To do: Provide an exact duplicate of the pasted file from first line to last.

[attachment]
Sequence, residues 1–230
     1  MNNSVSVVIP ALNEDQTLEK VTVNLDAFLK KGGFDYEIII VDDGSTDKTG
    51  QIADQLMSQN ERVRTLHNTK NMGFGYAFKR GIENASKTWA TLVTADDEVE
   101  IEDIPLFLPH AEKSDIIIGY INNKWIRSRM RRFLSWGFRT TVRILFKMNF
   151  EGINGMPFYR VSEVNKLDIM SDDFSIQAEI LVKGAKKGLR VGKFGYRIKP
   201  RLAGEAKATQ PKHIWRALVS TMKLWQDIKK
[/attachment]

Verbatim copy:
Sequence, residues 1–230
     1  MNNSVSVVIP ALNEDQTLEK VTVNLDAFLK KGGFDYEIII VDDGSTDKTG
    51  QIADQLMSQN ERVRTLHNTK NMGFGYAFKR GIENASKTWA TLVTADDEVE
   101  IEDIPLFLPH AEKSDIIIGY INNKWIRSRM RRFLSWGFRT TVRILFKMNF
   151  EGINGMPFYR VSEVNKLDIM SDDFSIQAEI LVKGAKKGLR VGKFGYRIKP
   201  RLAGEAKATQ PKHIWRALVS TMKLWQDIKK